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The power of the kernel: Maximizing the nutritional value

Corey Catt Published on 12 September 2013

There are endless ways for dairy producers to increase efficiency and boost the bottom line. Technology advancements such as robotic milking systems and innovative harvesting practices have certainly played a vital role in helping farmers get the most from their farms and their cows.

However, many impactful changes are being made on a smaller scale.

One of the most impactful advances isn’t taking place on a dairy but rather in a test lab.

New scientific evaluations have created a deeper understanding of the corn kernel and shed light on its various properties. By better understanding the genetic makeup of the kernel, we can begin to profile for traits that will have a positive impact on yield, digestibility, and in turn, milk production.

Kernel physiology: The seed
To produce feed that will aid cows in their milk production, advancements must first be made within the kernel. The corn kernel has evolved over time to protect the seed until conditions are suitable for germination. This helps preserve the starch within the plant, which is essential for cow digestion.

Because starch is such a critical component in milk production, hybrids are profiled for starch. This includes looking for ideal size, density and maturity that are all critical to digestibility. Ideally, particles are smaller in size so they can be broken down more easily. Softer kernels are much easier to break down in order to obtain essential nutrients. Harder starch, such as the flint variety, can pass through undigested, and the nutrients are wasted.

Additional advancements include profiling hybrids for insect resistance and herbicide tolerance to protect plants in the field. Because the plants can better resist insects and diseases, producers can spend less time and money in the field and more time managing their operations efficiently.

The most important impact, however, is that the plant tissue remains healthy. Because the plant is less affected by pests, it is able to provide maximum health benefits to the dairy-producing cow. In turn, plants that encounter problems such as mold and mycotoxins can lower cows’ immune systems, putting them at risk for illness and also reducing metabolism.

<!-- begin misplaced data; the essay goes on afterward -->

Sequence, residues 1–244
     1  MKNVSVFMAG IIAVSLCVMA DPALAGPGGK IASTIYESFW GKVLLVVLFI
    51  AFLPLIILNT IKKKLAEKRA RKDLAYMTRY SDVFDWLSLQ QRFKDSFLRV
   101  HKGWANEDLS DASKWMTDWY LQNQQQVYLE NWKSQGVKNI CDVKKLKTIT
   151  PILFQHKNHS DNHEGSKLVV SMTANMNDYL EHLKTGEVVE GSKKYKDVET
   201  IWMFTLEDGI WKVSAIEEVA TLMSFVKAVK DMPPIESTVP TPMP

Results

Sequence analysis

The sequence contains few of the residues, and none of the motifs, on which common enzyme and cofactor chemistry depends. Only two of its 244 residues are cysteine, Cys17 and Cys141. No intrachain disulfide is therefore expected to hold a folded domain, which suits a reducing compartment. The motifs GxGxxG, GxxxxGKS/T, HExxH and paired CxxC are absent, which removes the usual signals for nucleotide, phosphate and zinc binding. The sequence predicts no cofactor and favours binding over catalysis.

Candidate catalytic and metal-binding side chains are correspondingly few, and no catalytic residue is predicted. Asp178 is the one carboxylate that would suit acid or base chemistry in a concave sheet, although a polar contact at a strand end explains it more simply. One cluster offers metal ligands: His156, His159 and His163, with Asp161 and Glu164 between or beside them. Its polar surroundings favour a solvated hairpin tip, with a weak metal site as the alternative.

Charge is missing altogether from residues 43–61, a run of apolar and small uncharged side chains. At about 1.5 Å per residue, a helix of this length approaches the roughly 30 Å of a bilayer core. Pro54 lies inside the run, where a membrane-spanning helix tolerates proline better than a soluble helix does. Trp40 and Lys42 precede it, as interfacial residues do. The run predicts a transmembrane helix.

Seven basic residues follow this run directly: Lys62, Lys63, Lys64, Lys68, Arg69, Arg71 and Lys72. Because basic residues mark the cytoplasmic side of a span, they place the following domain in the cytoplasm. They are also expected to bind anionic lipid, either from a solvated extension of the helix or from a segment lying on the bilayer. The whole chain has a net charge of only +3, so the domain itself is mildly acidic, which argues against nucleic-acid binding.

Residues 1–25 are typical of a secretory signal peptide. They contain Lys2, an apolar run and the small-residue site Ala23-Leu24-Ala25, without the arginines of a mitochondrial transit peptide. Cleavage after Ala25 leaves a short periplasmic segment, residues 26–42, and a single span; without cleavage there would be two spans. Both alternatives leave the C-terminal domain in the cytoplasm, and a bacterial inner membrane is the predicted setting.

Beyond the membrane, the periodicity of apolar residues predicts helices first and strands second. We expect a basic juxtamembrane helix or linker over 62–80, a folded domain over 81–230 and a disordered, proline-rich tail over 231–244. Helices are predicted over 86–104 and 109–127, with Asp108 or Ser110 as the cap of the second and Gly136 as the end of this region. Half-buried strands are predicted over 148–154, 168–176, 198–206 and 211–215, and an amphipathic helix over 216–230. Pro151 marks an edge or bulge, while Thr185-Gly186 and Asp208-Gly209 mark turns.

Kernel digestibility: The cow
The area where technological advancements pay the largest dividends is within the cow. After all, that is where the milk is made.

To take advantage of the starch-packed kernel, the cow must first break it down and release the nutrients. The cow’s ability to digest its feed properly is essential to maximize its ability to produce milk, stay healthy and minimize waste.

Starch
This is where our new understanding of starch plays a very important role. Scientific advances in starch profiling, along with new tools and techniques, have allowed us to gain better understanding about the type of starch found in different corn kernels.

Soft starch is readily available for an energy source to animals, and each corn kernel has a different starch storage matrix. In simpler terms, the starch is either soft (floury) or hard (flint). Products with a softer starch result in a more floury, opaque, high-moisture corn, while hybrids with harder starch tend to be denser and translucent.

Hybrids that produce soft starch are better designed for ethanol and livestock operations, including dairy. This is because softer starch hybrids have shown a positive effect on milk yields in dairy cows, as well as an increase in ethanol yields. Harder starch hybrids need to be managed differently to obtain all available starch. If not managed well, hard starch will pass through the dairy cow undigested and into manure.

Prolamin-zein
Another factor that greatly affects digestibility within the kernel is prolamin-zein. Prolamins are proteins solely associated with starch in all cereal grains. In corn, prolamin proteins (called prolamin-zein) comprise 30 to 60 percent of the protein in whole corn.

Research shows that corn with lower levels of prolamin-zein are more easily digested. This is because the prolamin surrounds the protein like a plastic bag, making it difficult for the cow to break down.

Again, indigestible feed turns into manure instead of milk. Choosing products with low levels of prolamin-zein allow the cow to easily break down the protein and access the starch which is so essential in milk production. By choosing hybrids with low prolamin-zein levels, you can improve digestibility and increase the vital nutrients that are released.

As producers, our biggest priority should be the nutrition of our products, whether it’s vegetables, milk, meat or eggs. By using practices that produce healthier products more efficiently, we have a positive impact on our bottom line, and more importantly, people’s health.

Too often, we focus on yield as the single factor affecting our profits. Dairy producers especially should be just as concerned with the kernel’s digestibility and nutritional value. By understanding the positive impact different hybrids can have in your herd, you can begin experimenting with different varieties and see an improved return on your investment.  FG

PHOTO
Hybrid corn varieties are selected so the germ is wider and deeper. Hybrids contain essential amino acids – methionine, lysine, and tryptophan – increasing digestible qualities. Photos courtesy of Corey Catt.

 

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Corey Catt
Forage Products Manager
Latham Hi-Tech Seeds

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